Irving Resources’ subsidiary, Irving Resources Japan GK, has secured a 62.18sqkm land position encompassing the past producing Omui gold-silver mine and surrounding areas on the island of Hokkaido, Japan. Irving recently announced the purchase of a 298 hectare mining right, the Omui mining licence.

Provisional title transfer for this purchase has recently been received by Irving from the Ministry of Economy, Trade and Industry (METI), Hokkaido Bureau.

To augment its land position, Irving recently filed 17 prospecting licences covering an additional 58.20sqkm of prospective ground in the vicinity of the Omui mine and including another past producing gold-silver mine, Hokuryu, situated about 7km west of Omui. Applications for rights to alluvial materials were filed at the same time.

Acceptance of all prospecting and alluvial applications was recently granted by METI and a multi-step review now begins for final approval. Mitusi Mineral Development Engineering Co, Ltd (MINDECO) is assisting Irving throughout the process.

“We are excited to acquire our second precious metals project in Japan,” said Irving Resources president and CEO Akiko Levinson. “Our new Omui project encompasses two past producing mines, Omui and Hokuryu, each of which produced significant amounts of gold and silver in the early 1900s. Little work has been done here since. We look forward to commencing our first work program in early October.”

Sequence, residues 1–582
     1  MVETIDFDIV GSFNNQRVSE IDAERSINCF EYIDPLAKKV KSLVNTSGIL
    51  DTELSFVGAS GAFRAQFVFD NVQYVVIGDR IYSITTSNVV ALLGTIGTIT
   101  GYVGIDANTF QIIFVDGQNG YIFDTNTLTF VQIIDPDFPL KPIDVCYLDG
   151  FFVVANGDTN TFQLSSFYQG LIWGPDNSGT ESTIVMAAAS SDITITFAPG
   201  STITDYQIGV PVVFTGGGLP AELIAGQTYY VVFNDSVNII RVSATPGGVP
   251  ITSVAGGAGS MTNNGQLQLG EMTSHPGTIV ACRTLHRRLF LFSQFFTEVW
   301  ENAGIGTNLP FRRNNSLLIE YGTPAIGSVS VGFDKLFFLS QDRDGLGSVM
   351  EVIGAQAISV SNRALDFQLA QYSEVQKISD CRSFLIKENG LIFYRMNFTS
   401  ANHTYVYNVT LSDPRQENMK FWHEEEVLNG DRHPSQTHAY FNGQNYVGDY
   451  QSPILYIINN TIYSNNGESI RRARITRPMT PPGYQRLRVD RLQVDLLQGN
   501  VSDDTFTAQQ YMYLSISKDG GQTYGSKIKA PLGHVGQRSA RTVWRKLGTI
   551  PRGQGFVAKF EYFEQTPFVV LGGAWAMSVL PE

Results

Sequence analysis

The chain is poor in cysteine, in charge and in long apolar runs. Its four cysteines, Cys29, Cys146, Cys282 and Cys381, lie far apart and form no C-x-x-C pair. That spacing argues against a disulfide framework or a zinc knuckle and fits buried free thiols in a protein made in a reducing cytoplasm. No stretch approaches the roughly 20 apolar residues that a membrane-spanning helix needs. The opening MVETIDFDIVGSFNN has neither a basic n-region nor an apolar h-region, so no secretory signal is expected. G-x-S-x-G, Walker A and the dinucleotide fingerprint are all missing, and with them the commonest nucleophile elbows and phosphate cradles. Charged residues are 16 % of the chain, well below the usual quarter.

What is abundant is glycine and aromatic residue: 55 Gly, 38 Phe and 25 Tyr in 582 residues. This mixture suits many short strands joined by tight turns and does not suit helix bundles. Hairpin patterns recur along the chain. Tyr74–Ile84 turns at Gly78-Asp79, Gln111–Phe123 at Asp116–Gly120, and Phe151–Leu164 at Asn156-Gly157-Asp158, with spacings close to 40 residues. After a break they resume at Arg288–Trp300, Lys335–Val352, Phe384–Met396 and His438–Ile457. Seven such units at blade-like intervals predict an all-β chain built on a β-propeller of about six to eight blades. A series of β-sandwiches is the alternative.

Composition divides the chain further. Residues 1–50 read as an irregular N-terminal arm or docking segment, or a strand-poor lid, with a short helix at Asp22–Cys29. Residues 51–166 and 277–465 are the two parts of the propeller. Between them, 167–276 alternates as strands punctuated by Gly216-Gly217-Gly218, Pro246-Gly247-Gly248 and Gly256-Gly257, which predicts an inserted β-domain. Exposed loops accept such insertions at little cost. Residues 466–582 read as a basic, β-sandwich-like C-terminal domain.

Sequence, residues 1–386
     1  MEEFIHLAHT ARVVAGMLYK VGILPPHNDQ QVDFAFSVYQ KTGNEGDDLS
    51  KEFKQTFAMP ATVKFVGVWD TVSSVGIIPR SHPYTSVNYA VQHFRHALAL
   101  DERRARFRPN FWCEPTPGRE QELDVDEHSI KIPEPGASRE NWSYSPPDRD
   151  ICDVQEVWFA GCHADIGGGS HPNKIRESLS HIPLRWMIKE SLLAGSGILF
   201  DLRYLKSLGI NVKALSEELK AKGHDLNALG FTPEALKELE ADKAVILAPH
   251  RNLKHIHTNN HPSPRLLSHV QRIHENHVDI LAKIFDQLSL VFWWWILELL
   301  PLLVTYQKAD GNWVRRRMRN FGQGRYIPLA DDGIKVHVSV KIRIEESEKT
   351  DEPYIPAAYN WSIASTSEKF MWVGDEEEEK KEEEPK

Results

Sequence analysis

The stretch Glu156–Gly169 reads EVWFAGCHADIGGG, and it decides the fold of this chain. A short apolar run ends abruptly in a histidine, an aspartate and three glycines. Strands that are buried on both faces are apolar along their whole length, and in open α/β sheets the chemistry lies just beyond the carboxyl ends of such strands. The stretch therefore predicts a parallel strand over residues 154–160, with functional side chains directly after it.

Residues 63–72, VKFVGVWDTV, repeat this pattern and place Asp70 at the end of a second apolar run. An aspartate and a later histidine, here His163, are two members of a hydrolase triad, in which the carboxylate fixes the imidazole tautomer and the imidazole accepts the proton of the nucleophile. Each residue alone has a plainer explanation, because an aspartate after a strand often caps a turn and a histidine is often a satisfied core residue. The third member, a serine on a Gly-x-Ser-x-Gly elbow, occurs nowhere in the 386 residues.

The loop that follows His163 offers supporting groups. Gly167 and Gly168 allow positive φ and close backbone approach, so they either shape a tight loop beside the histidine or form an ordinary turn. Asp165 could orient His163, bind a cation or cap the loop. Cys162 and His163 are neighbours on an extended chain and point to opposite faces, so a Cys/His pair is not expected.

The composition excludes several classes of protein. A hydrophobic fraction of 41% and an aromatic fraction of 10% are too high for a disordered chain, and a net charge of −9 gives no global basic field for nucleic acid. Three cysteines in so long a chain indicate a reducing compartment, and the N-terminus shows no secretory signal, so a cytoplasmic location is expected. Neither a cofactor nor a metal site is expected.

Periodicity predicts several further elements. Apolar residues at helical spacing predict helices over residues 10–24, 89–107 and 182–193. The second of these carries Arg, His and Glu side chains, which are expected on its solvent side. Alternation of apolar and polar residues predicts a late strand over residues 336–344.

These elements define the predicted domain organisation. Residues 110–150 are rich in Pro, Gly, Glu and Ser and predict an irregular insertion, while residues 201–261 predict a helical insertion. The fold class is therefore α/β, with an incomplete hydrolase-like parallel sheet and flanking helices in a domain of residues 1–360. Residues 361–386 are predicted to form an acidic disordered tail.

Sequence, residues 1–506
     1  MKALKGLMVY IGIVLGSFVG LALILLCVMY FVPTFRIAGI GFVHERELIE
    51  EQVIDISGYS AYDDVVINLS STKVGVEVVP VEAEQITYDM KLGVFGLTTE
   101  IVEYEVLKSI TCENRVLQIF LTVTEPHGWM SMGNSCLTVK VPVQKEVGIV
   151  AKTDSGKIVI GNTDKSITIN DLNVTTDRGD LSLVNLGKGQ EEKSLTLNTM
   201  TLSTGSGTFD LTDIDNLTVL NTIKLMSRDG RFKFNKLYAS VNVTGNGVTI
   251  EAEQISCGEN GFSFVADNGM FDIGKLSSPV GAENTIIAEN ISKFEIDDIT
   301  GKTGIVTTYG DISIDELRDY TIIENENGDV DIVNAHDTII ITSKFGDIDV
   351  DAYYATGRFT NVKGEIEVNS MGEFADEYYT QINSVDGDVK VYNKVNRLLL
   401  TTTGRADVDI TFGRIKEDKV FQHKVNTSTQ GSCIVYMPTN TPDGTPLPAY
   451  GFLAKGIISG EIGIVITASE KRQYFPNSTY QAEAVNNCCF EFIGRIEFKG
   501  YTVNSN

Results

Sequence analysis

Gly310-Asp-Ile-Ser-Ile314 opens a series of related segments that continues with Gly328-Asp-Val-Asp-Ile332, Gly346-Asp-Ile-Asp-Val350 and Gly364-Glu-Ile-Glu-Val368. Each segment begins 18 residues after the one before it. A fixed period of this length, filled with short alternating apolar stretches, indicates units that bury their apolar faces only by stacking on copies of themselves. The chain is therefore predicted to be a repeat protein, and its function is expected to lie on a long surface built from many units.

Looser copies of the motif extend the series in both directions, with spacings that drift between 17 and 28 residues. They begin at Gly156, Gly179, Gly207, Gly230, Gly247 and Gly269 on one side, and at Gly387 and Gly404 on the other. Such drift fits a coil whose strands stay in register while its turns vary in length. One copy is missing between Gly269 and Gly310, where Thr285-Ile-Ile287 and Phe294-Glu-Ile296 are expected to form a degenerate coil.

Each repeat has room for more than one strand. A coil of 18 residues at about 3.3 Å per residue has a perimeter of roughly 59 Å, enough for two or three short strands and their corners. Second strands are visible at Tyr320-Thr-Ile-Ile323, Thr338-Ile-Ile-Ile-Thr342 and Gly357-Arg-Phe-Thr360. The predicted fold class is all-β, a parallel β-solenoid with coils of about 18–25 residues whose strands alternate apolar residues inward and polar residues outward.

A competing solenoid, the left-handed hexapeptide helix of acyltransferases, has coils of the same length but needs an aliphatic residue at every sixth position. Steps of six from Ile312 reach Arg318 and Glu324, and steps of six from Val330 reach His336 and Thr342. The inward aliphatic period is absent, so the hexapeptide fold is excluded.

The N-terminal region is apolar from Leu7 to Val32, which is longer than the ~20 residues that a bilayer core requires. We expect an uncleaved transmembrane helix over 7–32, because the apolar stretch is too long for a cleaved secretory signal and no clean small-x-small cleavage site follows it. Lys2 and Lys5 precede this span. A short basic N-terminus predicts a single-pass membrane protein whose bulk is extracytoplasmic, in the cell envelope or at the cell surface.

Irving’s Omui project covers an area underlain by Tertiary aged volcanic and sedimentary rocks deposited in a rift setting situated near the north end of Hokkaido.

Irving staff recently collected grab samples from a surface outcrop of the Omui main vein and another from a subordinate parallel vein situated immediately north. An assay of the main vein sample returned 192 g/t gold and 5240 g/t silver while one from the subordinate vein returned 6.9 g/t gold and 1345 g/t silver.

Deposition of bonanza grade gold and silver mineralisation such as this is sometimes a product of processes associated with boiling in hot spring environments.

Boiling profiles can extend to depths of over 200 metres in such systems.

Due to strong evidence of a vigorous boiling system, the presence of bonanza grades and an apparent lack of significant erosion, Irving thinks that there is good potential for discovery of significant epithermal mineralisation at depth.

To better understand this potential, Irving plans to undertake reconnaissance level prospecting and mapping across the Omui property in October.

“We are highly encouraged by bonanza grade gold and silver results recently returned from samples taken from Omui,” said Irving’s director and technical advisor Dr Quinton Hennigh. “Coupled with compelling field evidence, we think we are at a high level in a hot spring system that experienced vigorous boiling and mineral deposition. Therefore, we think Omui has good potential for discovery of high grade epithermal gold-silver veins.”


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